Disease, algal blooms and
the Rio Grande cuttthroat trout
Though the Valley has many species of fish, including kokanee salmon, largemouth and smallmouth bass, carp, northern pike, and bluegill, the trout is the most abundant and diverse species found in our waters. The Valley is home to rainbow, brown, brook and native Rio Grande cutthroat trout. The Rio Grande cutthroat is the only trout native to the San Luis Valley. Evidence suggests it was a native fish to Lake Alamosa 700,000 years ago.
Being the only native fish species to our land, it has been near extinction more than once. According to the book The Geology, Ecology, and Human History of the San Luis Valley, “mining, logging, over-harvesting, and extensive stocking of non-native fish drastically reduced their populations.” The biggest threats are “non-native fish, over-grazing, and the myriad issues associated with a warming climate: low snowpack and early melting, rising summer stream temperatures, high-severity wildfires, and low stream flows.”
The biggest issue facing fish populations is rising water temperatures. Trout are a cold water fish, requiring water temperatures between 37-66 degrees Fahrenheit for their life cycle from spawning, incubation, and growth. Water temperatures that exceed 70 degrees contain less dissolved oxygen. Trout, at these temperatures, have a difficult time getting oxygen and are more prone to disease such as Whirling disease.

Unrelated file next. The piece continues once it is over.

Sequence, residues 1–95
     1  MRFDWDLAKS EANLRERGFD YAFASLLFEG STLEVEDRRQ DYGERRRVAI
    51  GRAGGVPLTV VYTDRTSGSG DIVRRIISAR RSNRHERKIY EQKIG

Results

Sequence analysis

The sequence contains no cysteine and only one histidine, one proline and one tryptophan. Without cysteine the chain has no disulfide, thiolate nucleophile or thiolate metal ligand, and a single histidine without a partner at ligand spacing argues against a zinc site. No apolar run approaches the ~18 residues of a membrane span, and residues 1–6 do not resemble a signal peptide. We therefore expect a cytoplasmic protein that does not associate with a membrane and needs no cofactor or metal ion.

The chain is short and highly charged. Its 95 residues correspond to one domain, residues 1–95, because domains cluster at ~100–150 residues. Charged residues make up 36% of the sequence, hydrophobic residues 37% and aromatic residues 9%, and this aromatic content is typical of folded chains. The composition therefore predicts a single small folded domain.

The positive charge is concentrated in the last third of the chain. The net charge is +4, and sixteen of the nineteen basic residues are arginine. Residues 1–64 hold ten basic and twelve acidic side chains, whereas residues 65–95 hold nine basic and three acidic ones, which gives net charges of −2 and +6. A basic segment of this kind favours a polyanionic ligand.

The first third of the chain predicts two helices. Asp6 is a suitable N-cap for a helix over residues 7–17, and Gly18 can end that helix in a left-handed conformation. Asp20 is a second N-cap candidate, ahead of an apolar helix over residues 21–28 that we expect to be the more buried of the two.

Whirling disease is a parasitic infection that occurs in salmonid fish species – in Colorado, rainbow and cutthroat trout are the most at risk. Estevan Vigil, CPW’s Valley aquatic biologist, says it is the biggest disease to combat in the Valley.
Rising water temperatures can also lead to algal blooms. Algal blooms are a rapid growth of algae that bloom to the surface. Most blooms occur through a high nitrate content in the water which can occur through nutrient pollution from surrounding farms, industrial buildings, or cities. However, with high mountain lakes, blooms occur with warmer water or rural nutrient runoff, which allows more harmful bacteria to thrive in the algae causing it then to take in more light and grow.
Most blooms create foul odors and mucky surfaces, but some are toxic. Humans and animals exposed to toxic algae can show symptoms ranging from lung irritation to neurological damage.
Climate change will cause lakes and streams to warm over time and become more stagnant, which encourages more bacteria growth in algae.
Angling in a fish-less world
The act of angling is a method in mindfulness and a grounding meditation that has proven to de-stress. In England there are some therapists that have prescribed fly fishing to their patients. Project Healing Waters helps veterans with disabilities recover through time spent on the water. Casting for Recovery is an organization that helps women with breast cancer enhance their lives through fly fishing.
The lessons learned about angling in an unsteady climate are clear. The future remains the only unclear, murky aspect of angling. Some data from hundreds of years ago can be fun to look at, but averages can’t fully paint the picture of what’s happening now and a year from now, let alone 20 years from now.
Angling and fishing will continue for a long time in the Valley. There will still be safe havens on our streams and in our reservoirs for anglers and fish alike, but there needs to be constant attention to sustainability and responsibility. Meat fishing must be done within state regulations and angling must be done with temperature and conservation in mind.
Snowpacks will become more unpredictable. With meltoffs occuring in off seasons, the downstream effects are yet to be determined.